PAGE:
This paper seeks to inform policy changes that can be considered in the post 2015 framework for disaster risk reduction, drawing lessons from the Christchurch earthquake in New Zealand and the Great Eastern Japan earthquake and tsunami in 2011. Both events offer the opportunity for researchers and practitioners to review current practice in disasters response and information sharing.
The findings of this study are the following:
- In both cases, information sharing procedures were critical in supporting response and recovery.
- Both cases have also demonstrated social and government commitments to both learn from the mistakes of the past and to implement prevention and response strategies for a better future.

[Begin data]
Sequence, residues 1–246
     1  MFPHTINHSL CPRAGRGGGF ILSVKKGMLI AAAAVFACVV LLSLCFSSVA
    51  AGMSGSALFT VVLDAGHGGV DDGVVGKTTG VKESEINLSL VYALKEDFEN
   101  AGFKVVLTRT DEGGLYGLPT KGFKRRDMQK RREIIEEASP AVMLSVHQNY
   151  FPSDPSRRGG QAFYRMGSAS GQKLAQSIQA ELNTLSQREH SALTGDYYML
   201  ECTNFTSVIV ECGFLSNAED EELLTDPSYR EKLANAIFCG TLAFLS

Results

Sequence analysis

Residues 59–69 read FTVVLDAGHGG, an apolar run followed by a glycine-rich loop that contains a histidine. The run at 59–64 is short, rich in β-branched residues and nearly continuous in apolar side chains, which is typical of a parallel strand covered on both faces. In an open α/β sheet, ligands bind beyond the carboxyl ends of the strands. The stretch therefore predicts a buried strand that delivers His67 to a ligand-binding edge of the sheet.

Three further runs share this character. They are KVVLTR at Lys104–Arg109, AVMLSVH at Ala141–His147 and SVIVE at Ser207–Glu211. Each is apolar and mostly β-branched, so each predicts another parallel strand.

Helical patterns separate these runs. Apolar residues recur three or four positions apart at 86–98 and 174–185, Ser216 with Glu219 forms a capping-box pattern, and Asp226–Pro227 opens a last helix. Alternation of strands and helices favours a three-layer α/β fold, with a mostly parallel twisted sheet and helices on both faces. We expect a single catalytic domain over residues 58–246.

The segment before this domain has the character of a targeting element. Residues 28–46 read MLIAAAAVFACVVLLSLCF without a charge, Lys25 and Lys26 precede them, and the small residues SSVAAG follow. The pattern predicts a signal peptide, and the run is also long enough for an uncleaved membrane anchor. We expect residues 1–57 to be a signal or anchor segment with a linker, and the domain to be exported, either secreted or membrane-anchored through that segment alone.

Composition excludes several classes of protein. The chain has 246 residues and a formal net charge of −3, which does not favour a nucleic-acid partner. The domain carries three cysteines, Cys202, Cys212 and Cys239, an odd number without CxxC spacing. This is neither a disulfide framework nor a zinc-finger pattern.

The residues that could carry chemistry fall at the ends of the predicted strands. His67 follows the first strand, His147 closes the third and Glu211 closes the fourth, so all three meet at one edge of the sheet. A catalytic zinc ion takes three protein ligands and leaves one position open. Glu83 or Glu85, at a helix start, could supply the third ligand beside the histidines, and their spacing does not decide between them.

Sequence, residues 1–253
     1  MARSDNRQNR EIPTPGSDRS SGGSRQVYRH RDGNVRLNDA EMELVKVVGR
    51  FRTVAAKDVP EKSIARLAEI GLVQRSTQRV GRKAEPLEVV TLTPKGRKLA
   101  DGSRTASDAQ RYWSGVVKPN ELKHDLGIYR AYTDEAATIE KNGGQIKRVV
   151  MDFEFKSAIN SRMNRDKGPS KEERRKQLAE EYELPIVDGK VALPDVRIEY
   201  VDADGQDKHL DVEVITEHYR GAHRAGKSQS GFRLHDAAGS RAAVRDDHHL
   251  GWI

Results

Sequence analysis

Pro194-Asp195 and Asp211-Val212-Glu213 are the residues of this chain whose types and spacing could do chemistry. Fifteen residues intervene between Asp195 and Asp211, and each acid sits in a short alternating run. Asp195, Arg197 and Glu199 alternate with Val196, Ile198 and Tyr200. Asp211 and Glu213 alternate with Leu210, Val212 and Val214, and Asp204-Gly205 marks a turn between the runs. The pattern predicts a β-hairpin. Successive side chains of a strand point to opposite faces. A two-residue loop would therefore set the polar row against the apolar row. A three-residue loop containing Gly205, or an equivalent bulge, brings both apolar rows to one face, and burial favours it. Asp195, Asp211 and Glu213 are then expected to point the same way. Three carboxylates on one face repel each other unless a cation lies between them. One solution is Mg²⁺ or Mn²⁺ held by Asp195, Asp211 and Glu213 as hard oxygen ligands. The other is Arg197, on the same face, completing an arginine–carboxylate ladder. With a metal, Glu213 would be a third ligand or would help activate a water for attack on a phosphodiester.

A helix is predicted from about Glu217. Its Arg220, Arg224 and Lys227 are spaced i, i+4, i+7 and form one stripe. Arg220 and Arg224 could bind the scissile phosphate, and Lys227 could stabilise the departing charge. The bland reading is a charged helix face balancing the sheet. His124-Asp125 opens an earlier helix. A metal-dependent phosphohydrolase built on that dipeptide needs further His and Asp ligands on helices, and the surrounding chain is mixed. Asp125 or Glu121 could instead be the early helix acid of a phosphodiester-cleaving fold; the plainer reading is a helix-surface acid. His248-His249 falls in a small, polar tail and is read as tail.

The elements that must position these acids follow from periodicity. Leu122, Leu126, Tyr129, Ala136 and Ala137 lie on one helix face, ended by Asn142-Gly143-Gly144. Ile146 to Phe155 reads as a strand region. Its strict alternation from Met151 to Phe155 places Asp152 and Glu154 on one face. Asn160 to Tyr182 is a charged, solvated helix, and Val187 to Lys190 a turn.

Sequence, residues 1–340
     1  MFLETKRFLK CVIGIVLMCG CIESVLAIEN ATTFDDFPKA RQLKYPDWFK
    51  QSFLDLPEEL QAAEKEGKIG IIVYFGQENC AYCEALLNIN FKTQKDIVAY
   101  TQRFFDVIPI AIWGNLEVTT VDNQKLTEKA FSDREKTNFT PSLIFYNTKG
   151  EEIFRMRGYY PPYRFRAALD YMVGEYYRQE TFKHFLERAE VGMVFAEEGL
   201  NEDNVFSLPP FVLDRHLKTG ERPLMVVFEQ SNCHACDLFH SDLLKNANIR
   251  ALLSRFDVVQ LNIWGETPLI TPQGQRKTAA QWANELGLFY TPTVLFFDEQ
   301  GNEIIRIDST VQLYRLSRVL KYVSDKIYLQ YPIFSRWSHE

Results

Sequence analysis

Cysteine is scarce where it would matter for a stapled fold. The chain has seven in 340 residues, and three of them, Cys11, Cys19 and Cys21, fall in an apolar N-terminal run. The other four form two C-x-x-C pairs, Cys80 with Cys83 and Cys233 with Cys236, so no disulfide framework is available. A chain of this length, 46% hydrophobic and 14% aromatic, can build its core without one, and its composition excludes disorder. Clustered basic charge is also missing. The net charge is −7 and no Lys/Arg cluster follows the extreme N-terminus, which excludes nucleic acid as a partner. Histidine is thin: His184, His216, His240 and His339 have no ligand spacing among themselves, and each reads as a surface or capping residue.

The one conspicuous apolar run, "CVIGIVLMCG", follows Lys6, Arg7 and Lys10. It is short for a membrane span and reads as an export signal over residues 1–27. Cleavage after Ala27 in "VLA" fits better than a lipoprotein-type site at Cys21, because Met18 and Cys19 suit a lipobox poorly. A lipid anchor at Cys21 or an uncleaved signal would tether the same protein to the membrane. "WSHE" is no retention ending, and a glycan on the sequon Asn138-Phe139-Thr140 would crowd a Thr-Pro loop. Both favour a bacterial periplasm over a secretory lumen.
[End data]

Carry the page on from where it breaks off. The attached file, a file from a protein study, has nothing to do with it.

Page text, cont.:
- The key to continuous improvement in the way planning, responding to and recovering from disasters is done lies in the openness and willingness of organisations to develop and maintain a culture of ongoing learning.
- A strong commitment from the private sector is important to avoid further humanitarian crises by bridging gaps in the government plan for disaster relief as well as the lack of capacity to do so, i.e. unavailability of transport equipment.
- Resilience in the face of natural disasters has to be developed and sustained in peace time so that it is available when trouble hits.
- Social capital in the local community can address the “last mile” problem. Those relationships fostered between government and private sector players during the day-to-day business can be invaluable
network links in addressing both the response and recovery phases of a disaster.
This document is an input paper for the 2015 Global Assessment Report on Disaster Risk Reduction.